One of the major issues dividing the candidates in the election campaign has been the relative balance between the campaigns in Iraq and Afghanistan. Senator Obama argues, with some justice, that Iraq was a dangerous diversion from Afghanistan which must be the main priority. Senator McCain argues that both could be done and criticizes Obama for not supporting the 'surge' which, as part of a number of developments, has helped to stabilize Iraq. Both arguments are historical in nature and not of much help in working out what to do now. In practice the improved situation in Iraq should allow a diversion of military effort to Afghanistan whoever is in charge. The trouble is that the instability has now spread to Pakistan. This has also become an issue in the campaign, except this time Obama appears to be taking the more hawkish stance by arguing for the right of 'hot pursuit' from Afghanistan into Pakistan - although McCain's objection appears to be mainly talking about the prospect rather than doing it. Certainly regular air strikes that have killed civilians as well as militants have done little for American popularity in both countries, while both the Afghan and Pakistan forces are struggling in their own campaigns against radical Islamist movements. In practice this means that while the US will not wish to relax its military stance the emphasis may well start to shift to finding elements within the Taliban, which is no more a coherent force than any other political formation in the region, with whom it is possible to negotiate. The outcome is hardly going to be satisfactory but the main effort must be to contain the impact of local radicalism.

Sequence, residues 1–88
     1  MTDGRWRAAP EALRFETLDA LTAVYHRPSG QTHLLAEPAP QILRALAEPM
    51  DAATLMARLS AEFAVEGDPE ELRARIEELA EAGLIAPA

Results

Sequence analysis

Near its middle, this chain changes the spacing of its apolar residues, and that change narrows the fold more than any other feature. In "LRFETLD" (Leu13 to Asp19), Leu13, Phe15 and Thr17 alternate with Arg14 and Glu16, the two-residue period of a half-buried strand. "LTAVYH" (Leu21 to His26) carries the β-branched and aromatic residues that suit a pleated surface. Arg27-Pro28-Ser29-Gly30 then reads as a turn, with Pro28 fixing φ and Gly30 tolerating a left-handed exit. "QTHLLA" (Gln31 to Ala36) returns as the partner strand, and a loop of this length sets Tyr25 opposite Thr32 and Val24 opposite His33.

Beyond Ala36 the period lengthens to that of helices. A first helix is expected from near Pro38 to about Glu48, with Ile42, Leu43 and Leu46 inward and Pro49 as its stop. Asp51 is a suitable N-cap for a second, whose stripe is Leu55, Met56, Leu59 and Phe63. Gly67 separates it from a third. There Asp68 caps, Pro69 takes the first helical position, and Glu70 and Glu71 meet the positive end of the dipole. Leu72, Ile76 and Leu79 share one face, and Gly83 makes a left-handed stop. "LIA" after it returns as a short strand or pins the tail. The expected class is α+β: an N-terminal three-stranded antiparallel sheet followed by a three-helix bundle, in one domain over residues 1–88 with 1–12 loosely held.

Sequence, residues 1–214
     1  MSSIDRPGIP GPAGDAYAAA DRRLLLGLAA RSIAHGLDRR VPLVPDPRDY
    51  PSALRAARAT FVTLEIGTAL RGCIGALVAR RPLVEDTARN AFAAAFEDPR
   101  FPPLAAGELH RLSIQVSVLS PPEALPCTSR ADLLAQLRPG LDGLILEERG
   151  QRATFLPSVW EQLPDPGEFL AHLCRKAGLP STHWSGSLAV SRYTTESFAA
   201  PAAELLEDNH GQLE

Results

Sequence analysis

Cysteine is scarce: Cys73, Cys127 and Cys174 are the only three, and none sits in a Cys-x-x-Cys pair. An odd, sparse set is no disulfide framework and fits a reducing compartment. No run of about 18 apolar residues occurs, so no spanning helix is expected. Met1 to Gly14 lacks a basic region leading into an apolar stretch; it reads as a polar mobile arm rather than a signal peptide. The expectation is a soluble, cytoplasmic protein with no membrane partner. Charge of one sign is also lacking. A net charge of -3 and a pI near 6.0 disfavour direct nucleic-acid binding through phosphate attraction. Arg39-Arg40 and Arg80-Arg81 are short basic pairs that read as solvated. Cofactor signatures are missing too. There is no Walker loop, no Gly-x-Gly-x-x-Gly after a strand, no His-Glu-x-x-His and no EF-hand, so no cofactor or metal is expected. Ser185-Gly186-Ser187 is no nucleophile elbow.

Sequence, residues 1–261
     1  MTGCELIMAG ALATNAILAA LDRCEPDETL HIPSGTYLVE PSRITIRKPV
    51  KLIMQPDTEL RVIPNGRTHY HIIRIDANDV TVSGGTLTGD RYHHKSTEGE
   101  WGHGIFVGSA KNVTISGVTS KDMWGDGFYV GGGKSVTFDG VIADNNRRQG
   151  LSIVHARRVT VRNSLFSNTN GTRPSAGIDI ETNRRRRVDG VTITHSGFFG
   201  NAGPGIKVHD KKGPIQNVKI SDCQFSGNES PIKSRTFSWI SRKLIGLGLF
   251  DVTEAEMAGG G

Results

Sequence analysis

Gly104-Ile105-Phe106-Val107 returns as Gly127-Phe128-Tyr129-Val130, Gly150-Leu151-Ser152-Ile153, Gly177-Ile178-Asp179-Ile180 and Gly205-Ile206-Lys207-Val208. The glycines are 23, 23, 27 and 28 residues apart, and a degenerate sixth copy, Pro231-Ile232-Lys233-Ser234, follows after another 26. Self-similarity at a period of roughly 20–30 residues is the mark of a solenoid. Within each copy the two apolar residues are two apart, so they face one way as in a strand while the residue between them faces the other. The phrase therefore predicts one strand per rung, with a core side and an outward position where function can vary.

4. Finally, it seems the interest of the American people, and globally, shifts to whatever the most pressing matter is at that moment. If the economy is failing, the major issue is the economy. If the wars are being lost or terrorist attacks are rampant, that is the major issue. Short of a terrorist attack, what is your assessment of when and how the War on Terror will be the most important issue in the face of other issues taking precedence, like the economy?

The current financial crisis and imminent recession will transform all aspects of international politics. Governments will become fragile and some will fall, resources will be tight and nerves frayed. There will be many consequences, some small and others larger, that will interact with each other, so the repercussions will develop and move in unexpected directions. For example it is not only the big economies of the west that will be shaken, and the effects for them may be less profound than elsewhere, for the west probably has a larger capacity to recover. So while Iran and Russia might gloat over American weakness, they too are suffering from the economic gloom, along with the reversal of the upward movement of oil prices. The danger in this situation is that whole countries become vulnerable as people are unable to meet their basic needs and states subsidies have to be curtailed. This puts a number of governments - both pro- and anti- West at risk and creates opportunities for populist movements. The most dangerous scenarios therefore concern countries of some strategic importance imploding (Pakistan comes to mind once again - Egypt is another possibility) and NATO countries, for the moment at least, lacking the focus and capacity to respond.